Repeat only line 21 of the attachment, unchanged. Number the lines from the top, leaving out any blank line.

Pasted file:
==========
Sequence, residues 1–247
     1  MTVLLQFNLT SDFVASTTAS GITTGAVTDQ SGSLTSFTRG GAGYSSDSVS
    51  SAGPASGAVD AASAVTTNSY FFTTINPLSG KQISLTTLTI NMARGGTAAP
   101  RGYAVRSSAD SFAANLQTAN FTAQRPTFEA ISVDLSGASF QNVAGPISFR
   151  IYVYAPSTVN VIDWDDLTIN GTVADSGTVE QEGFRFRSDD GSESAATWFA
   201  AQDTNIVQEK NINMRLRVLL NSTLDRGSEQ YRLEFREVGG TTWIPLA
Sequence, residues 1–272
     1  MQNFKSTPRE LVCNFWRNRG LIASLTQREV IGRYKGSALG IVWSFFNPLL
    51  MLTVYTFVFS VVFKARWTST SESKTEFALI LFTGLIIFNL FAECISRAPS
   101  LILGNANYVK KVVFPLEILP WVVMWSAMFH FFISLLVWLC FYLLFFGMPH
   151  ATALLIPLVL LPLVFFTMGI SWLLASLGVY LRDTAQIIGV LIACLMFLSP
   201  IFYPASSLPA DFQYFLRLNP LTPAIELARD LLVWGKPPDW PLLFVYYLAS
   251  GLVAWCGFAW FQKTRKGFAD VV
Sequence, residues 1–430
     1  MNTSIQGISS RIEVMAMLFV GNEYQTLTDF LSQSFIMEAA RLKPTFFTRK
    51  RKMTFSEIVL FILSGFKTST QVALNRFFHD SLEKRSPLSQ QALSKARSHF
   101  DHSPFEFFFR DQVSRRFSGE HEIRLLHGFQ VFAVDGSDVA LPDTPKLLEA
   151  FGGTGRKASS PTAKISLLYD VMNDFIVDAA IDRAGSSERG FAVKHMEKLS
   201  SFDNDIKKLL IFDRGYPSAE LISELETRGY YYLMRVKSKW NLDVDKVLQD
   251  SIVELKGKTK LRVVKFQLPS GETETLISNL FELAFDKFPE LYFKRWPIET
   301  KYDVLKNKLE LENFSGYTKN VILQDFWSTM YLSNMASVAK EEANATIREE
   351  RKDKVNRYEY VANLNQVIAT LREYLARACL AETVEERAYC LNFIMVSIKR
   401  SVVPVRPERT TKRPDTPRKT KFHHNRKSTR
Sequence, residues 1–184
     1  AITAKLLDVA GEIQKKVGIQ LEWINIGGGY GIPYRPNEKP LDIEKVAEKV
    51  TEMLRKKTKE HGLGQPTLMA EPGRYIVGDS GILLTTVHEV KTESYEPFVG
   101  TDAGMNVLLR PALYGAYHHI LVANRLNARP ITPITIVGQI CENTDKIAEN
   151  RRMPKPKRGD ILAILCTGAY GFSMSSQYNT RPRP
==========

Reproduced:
   301  KYDVLKNKLE LENFSGYTKN VILQDFWSTM YLSNMASVAK EEANATIREE